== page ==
Mike Rutherford’s New Book
Jerry Lucky Commentary October 2015
Copyright Jerry Lucky © 2015 All Rights Reserved
Just finished readingMike Rutherford: The Living Years. Not sure how many of you have read it yet, but thought I would offer my thoughts. It’s tagged with the line: The First Genesis Memoir. While there have been plenty of books written about Genesis including the group’s quite spectacularGenesis: Chapter and Verse, but this is the very first book penned by a member of the band that digs into the personal side of things. The paperback copy I purchased in Bath is published in 2014 by Constable and is made up of 240 pages spread over a series of chapters. The connecting fibre of this book is Rutherford’s relationship with his father. He writes lovingly about his dad’s life throughout the book going so far as to use many quotes from his father’s diary. While the elder Rutherford spent much of his early life in the navy, the parallels relating travel and experiences with life or people are eerily similar despite the different times.
The book is an easy read as Rutherford’s style is very down-to-earth, littered with dry-humor and even slightly self-deprecating. I’ll call the reading of the book a “wizard of Oz” experience because in some ways I was disappointed at times as Rutherford pulls back the curtain on his band experiences. I know I probably shouldn’t feel that way, but that’s what it is. So what do I mean when I use that phrase? Well the first and most significant disappointment starts with him offering up an explanation for how Genesis came to composing their longer songs. As a progressive rock fan, I want to feel that a certain amount of forethought would have gone into creating those classic numbers and yet as Rutherford tells it: “The real problem was the material itself. Because none of us really knew how to write a song we’d each write bits. We’d then go and fight the others about which bits we should use, always arguing that our own bit was ’for the good of the band’…This was one of the reasons why our early songs were so long, we’d just keep adding bits. Long songs might appear clever and hard to write but for us they were easy. We’d just take bit A and bit D and segue them together. What we didn’t realize was that it was generally better if you didn’t try to use the whole alphabet every time.” And there goes the curtain!
The way Rutherford glosses over such a foundational aspect of the band’s compositional prowess, describing it as more of a power-play than intentional composition at work is more than a little disillusioning to me especially given how someone like Brian Wilson of the Beach Boys embraced what he called modular composition to create something greater from the parts. Whereas Wilson intentionally made an effort to create something magical, reading Rutherford I was left with the feeling that the music of Genesis came about more by accident.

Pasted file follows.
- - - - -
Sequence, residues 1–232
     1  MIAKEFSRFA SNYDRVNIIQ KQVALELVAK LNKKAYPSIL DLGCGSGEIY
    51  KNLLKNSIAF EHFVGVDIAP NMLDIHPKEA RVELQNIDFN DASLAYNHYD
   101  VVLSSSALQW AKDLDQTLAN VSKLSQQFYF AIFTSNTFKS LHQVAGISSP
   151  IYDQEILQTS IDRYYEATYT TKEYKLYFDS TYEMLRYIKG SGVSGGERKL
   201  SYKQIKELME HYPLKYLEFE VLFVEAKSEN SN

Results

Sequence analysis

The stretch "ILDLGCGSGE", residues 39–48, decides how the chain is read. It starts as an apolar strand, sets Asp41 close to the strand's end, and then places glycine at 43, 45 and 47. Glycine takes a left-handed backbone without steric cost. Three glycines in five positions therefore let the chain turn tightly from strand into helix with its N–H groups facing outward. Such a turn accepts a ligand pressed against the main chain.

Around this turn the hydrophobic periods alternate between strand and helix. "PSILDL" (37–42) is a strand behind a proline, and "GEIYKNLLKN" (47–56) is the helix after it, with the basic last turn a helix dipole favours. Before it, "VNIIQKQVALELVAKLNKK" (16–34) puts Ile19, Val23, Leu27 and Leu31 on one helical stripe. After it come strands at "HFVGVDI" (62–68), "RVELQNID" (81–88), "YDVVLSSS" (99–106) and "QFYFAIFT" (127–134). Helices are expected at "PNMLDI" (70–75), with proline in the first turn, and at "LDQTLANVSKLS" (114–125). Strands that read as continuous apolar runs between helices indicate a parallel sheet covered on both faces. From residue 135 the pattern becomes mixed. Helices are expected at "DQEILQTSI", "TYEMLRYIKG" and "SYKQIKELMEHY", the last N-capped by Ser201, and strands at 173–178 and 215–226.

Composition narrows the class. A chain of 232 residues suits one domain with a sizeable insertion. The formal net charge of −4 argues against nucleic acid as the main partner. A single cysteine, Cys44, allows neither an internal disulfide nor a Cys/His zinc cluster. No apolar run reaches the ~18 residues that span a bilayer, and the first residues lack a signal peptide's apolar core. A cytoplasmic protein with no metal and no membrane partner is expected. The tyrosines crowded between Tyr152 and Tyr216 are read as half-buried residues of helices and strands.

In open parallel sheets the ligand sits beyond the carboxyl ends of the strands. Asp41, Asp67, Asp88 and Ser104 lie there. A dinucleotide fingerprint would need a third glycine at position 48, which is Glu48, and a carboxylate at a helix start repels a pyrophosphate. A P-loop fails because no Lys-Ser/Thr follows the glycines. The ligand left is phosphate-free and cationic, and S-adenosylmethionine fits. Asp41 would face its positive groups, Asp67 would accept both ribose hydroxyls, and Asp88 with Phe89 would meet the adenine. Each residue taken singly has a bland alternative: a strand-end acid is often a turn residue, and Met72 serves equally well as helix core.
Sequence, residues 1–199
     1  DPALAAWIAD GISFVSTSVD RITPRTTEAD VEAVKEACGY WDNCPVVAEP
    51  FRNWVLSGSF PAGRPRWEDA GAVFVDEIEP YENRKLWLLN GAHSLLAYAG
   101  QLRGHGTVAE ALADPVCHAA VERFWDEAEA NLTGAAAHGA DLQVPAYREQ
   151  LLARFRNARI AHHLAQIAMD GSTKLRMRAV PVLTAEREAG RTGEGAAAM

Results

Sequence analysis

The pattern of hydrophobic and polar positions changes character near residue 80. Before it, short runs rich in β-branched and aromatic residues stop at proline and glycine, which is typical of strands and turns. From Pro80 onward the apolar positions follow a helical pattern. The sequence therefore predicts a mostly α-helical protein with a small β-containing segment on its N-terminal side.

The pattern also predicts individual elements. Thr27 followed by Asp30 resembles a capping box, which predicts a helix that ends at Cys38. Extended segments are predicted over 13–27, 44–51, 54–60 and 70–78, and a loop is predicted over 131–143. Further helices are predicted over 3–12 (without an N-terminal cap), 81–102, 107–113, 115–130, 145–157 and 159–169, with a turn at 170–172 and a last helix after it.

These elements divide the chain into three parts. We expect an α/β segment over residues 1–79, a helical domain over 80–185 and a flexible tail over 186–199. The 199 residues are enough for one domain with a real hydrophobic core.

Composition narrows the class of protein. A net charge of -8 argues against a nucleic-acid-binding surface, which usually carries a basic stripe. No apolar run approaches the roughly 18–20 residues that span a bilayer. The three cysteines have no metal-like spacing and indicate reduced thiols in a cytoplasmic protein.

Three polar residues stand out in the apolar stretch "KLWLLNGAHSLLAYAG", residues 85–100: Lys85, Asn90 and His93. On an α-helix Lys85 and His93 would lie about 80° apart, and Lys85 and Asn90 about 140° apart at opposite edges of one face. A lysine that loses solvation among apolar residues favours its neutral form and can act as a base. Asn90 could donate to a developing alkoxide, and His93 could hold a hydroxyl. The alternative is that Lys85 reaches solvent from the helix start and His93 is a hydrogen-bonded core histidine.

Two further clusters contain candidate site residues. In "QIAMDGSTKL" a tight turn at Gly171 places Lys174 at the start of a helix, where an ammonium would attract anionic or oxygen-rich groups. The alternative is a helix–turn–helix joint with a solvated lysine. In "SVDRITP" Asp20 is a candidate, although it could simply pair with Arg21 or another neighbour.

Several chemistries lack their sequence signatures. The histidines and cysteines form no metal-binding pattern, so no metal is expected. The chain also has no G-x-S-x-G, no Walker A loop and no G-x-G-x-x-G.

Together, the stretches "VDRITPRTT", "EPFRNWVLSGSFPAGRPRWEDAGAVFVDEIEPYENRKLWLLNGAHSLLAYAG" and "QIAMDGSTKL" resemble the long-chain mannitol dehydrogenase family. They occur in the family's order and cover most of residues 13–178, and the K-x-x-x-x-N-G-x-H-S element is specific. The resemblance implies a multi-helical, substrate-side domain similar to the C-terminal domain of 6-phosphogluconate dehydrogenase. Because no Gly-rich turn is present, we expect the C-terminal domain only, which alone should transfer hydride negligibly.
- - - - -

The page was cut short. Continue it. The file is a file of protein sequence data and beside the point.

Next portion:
The other disappointment comes around the time of Abacab and the change in how Genesis started creating their music. Up to this point each member came in with bits and pieces or songs that were then developed into finished pieces. But for the recording of Genesis the three of them came with nothing. They had acquired their own studio and could now spend as much time as they wanted there. So they came with nothing and simply started jamming. Everything was recorded from scratch on the floor by the three of them – the first time it had ever been done where each member contributed equally – hence the title of the album Genesis. I’m reminded of the saying – creativity is born out of adversity. In the case of Genesis, they were playing their instruments better than they had before but the songs they were creating grew increasingly less involved and certainly less demanding. To my mind this jamming approach to music creation was the start of the decline in their compositional quality. Perhaps it should not surprise me that as the level of complexity fell their popularity with the masses grew.
Disappointments aside, the book is filled with interesting tid-bits of information that few fans will have read or heard before. There are great stories about the creation of his double-neck guitars, falling off stage, the bands somewhat disciplined drug-use, the people who were friends and family and so forth. I think Rutherford worked quite hard to come up with long-faded memories with which to write about and in that sense the book is quite entertaining and informative. As any memoire should be it is a very personal and detailed glimpse of what being in a band like Genesis was like through the eyes of one member.
It is constantly amazing to me how much the band Genesis was much like any band of then or now. Reading about their day-to-day experiences during their fourth and fifth albums where many times they were still sharing hotel rooms, driving to gigs in vans or even relying on their parents, puts that part of history into context. We may have thought: Wow, these guys are rock stars playing in New York City and yet in truth even then they were five guys struggling to make music just like so many others. Given how huge the band became and how much of a household name they became it’s sometimes it’s hard to “see” the band for what they were. Their path to stardom was filled with all kinds of potholes and I guess what separates those who make it and those who don’t, is how dedicated one is to their craft and how determined they are to make it happen. That and a few lucky breaks separates the famous from the also rans.
At least that’s what I think.